I don’t have a Dear Avery-month 60 letter to post today. I’m too busy making pancakes, cinnamon applesauce and eventually (I hope) a cup of coffee, because after all it’s my birthing day too, right? So while I’m doing that, why don’t you have a little read of Avery’s birth story, the sequel. After she was born I wrote out her whole, dramatic, nail biting story for the record. I know it by heart, every word of that post. Two years after her birth I attended a doula training that changed everything for me. I rewrote that birth story (my instructor called it “weaving the tale”) and I have to say I like the new version better. I don’t want to discount the drama, and the shock, and the utter sadness of that day 5 years ago. It was a hard day.
But history is written by the winners, and I won. I came out of that rough day with a bay girl, and I came out of that first round of declarations of “no more babies, it’s too dangerous” with a bouncing almost 10 pound baby boy almost three years later. Last night I dreamed that we were considering another one.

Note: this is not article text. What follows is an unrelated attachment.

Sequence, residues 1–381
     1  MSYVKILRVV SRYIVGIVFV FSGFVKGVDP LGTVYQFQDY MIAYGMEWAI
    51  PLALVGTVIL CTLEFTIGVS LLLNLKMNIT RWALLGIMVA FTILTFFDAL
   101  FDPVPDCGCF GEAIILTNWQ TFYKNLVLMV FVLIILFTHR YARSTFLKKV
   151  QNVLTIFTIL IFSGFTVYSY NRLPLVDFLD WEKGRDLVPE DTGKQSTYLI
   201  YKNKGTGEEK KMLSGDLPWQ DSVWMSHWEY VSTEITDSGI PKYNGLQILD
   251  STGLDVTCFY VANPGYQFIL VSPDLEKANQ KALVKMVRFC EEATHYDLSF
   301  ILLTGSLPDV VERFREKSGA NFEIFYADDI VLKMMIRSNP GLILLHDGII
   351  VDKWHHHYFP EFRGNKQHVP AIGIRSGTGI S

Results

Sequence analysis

And so I give you, Avery’s birth story, Take 2. This version is a first pass unedited post from August 2006, and I haven’t read it since. Be gentle, internet editors.
It’s time for me to re-tell this story. Finally.
I waited a long time after giving birth the first time before I was ready to be pregnant again! Han was 8 when we started talking about it. It’s Karen’s fault. Jack was so incredibly cute that after we babysat him a few times I had to have one. It took a while to convince M I was serious.
We conceived on Christmas Eve, and 2 weeks later I was in Florida, calling M at dark-thirty California time to exclaim, “baby!”